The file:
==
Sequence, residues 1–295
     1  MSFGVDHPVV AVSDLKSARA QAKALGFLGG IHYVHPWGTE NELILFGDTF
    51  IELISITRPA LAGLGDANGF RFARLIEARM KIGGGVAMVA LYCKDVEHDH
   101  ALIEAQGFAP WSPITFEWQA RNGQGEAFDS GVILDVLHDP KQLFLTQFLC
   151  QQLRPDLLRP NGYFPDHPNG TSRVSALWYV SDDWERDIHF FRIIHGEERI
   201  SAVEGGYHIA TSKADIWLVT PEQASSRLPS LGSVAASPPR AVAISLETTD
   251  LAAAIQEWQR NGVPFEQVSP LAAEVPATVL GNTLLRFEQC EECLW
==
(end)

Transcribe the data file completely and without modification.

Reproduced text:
Sequence, residues 1–295
     1  MSFGVDHPVV AVSDLKSARA QAKALGFLGG IHYVHPWGTE NELILFGDTF
    51  IELISITRPA LAGLGDANGF RFARLIEARM KIGGGVAMVA LYCKDVEHDH
   101  ALIEAQGFAP WSPITFEWQA RNGQGEAFDS GVILDVLHDP KQLFLTQFLC
   151  QQLRPDLLRP NGYFPDHPNG TSRVSALWYV SDDWERDIHF FRIIHGEERI
   201  SAVEGGYHIA TSKADIWLVT PEQASSRLPS LGSVAASPPR AVAISLETTD
   251  LAAAIQEWQR NGVPFEQVSP LAAEVPATVL GNTLLRFEQC EECLW